Back at my suburban Milwaukee middle school, they started us out on foreign language classes relatively early. I was on the verge of taking French in sixth grade, but thanks to an impulsive decision (and peer pressure from a friend) I signed up for Spanish instead. In high school and then in college, once we progressed well beyond the basics of conversation and verb conjugation, we were assigned selections from Spanish-language authors, including chapters from such books as Cien Años de Soledad and La Casa de los Espíritus. Nine years’ worth of language classes led me to a profound love for Latin American authors and other world literature in translation.
As I mentioned, Cien Años de Soledad -or- One Hundred Years of Solitude by Gabriel García Márquez is one of the first books that got me hooked. The original language was beautiful, but I’ve since found that many of the English translations shine on their own. Aside from the outstanding source material, this is due to the fact that some of the translators are legendary in his or her own right. García Márquez has boasted that his translator, Gregory Rabassa, is the best in the world of Latin American translation. (It doesn’t hurt, of course, that García Márquez is a Nobel Prize winning author.)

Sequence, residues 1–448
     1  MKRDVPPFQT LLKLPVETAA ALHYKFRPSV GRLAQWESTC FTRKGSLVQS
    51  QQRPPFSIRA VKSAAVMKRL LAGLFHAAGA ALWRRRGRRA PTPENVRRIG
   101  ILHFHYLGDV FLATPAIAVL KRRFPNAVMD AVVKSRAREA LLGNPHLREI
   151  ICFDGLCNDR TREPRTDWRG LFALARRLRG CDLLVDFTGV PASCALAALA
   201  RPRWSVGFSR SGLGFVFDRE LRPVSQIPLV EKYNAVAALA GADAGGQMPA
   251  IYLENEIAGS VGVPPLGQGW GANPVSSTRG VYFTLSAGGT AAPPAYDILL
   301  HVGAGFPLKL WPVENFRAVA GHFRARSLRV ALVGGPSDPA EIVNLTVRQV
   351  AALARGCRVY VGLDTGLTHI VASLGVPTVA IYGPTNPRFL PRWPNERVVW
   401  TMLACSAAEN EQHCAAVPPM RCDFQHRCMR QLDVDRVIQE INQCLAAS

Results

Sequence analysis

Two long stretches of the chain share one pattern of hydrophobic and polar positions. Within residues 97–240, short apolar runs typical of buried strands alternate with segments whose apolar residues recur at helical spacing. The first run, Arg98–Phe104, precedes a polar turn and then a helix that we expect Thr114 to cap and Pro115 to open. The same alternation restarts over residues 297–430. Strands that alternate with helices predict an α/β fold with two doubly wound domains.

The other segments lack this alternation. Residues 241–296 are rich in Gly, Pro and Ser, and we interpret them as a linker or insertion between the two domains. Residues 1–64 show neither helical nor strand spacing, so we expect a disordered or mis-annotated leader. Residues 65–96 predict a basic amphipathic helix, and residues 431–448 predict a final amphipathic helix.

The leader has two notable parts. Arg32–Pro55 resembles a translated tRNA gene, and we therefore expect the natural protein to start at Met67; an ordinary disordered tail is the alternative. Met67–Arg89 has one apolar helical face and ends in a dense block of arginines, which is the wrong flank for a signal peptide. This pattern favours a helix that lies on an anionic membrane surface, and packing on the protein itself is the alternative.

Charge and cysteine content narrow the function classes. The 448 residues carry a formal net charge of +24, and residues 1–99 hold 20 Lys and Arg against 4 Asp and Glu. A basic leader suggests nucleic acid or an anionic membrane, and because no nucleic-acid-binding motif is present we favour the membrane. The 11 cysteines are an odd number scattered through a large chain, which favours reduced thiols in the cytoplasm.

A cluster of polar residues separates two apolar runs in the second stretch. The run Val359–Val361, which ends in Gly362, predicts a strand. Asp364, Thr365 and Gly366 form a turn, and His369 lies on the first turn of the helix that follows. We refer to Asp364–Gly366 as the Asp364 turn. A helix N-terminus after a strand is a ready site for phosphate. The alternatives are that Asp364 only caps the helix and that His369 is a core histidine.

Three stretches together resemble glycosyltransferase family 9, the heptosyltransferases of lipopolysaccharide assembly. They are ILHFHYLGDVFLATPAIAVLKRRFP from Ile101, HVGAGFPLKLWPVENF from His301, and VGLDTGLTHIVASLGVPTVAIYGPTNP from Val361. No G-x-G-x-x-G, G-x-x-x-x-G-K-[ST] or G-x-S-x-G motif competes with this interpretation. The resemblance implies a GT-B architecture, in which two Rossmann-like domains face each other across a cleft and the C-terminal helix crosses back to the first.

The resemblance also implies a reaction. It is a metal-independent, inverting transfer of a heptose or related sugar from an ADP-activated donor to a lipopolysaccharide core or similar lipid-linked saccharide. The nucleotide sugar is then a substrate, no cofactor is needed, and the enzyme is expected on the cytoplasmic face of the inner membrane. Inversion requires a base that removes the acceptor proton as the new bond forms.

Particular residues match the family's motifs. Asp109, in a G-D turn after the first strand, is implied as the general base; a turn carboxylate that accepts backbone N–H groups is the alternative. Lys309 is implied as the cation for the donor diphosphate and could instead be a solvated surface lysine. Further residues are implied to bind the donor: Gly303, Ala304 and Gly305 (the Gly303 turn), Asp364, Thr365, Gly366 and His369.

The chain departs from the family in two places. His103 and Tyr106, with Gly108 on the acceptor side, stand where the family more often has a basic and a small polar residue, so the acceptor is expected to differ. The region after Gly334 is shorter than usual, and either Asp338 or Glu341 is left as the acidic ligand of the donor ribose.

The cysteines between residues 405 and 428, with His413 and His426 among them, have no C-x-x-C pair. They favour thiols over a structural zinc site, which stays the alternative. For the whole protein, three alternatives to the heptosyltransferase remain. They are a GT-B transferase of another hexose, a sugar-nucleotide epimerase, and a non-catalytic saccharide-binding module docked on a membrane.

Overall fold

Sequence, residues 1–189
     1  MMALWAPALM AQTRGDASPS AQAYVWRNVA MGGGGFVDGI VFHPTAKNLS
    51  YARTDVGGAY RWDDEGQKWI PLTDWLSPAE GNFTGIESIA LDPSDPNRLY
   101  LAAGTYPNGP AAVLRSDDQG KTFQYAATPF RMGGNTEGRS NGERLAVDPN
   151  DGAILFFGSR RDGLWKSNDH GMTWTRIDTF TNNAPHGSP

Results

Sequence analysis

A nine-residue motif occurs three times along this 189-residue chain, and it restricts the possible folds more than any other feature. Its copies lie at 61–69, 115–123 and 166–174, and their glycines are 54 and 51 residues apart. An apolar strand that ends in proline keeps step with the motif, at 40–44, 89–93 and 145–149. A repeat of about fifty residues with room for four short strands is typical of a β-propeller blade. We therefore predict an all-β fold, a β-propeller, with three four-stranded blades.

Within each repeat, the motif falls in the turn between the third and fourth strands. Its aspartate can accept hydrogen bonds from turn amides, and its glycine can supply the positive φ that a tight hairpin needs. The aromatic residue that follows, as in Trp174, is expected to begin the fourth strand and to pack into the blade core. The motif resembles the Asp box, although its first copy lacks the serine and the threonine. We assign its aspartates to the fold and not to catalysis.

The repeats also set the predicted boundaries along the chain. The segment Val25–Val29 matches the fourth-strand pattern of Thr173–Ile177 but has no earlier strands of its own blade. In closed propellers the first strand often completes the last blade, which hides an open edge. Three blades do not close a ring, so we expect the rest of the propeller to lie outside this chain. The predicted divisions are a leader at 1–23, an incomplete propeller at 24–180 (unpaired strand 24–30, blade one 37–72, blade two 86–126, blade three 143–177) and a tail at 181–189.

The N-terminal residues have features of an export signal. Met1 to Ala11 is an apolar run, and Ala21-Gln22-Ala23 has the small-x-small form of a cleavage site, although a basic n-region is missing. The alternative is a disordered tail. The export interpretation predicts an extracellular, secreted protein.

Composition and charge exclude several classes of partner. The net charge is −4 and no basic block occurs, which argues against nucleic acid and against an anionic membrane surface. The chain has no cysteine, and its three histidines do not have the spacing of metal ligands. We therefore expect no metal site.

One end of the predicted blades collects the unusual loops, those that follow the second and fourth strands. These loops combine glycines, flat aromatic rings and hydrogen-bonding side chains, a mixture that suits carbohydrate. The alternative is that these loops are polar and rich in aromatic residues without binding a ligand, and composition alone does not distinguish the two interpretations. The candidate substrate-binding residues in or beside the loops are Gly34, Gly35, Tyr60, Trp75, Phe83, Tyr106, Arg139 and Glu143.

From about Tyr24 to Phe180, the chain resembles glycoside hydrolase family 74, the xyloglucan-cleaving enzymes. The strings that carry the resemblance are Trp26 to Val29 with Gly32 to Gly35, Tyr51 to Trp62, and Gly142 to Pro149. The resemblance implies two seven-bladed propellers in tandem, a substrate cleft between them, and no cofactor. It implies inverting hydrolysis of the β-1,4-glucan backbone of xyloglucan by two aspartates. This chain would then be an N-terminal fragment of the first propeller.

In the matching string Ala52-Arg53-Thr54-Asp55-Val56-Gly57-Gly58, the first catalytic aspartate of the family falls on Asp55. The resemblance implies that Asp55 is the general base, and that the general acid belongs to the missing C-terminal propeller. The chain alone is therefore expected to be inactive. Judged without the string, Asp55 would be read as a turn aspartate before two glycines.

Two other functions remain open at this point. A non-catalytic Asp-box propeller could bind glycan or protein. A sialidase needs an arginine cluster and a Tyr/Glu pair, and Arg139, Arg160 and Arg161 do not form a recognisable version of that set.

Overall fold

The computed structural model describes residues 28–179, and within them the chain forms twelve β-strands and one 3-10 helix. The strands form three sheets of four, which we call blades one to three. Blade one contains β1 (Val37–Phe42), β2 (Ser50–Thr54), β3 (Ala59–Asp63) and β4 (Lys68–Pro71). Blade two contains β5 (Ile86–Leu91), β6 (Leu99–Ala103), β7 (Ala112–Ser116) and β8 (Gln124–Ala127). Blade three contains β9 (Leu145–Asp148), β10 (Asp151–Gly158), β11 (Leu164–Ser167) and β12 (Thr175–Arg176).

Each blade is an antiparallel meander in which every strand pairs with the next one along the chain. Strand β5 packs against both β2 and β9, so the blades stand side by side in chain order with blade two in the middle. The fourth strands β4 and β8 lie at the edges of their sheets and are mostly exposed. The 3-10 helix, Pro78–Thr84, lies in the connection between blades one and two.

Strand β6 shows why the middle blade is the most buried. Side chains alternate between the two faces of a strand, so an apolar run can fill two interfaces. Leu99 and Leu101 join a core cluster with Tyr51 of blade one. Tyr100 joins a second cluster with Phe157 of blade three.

Isabel Allende’s The House of the Spirits and Laura Esquivel’s Like Water for Chocolate helped to develop my appreciation for magic realism and settings far south of the United States. I soon started devouring other Latin American authors, moving on to Manuel Puig, Julia Alvarez, and Brazilian author Jorge Amado.
My most recent favorite in this vein is Invisible Mountain by Carolina de Robertis. She writes in English, but grew up in an Uruguyan family. Her debut novel carries on the same themes of resistance and struggle that often arise in these stories. It tells about three generations of Uruguayan women from 1900 on. She also sprinkles in some magic realism to keep with the tradition. I actually listened to the book on CD and found it to be one of the most entertaining and well done audiobooks that I’ve had the pleasure to listen to.
It’s been years since I’ve studied Spanish, and I wish I still had the skills to read the foreign language books that Fontana Regional Libraries have in their collections. But I guess that’s what Byki is for! In the meantime, I’ll stick to English translations.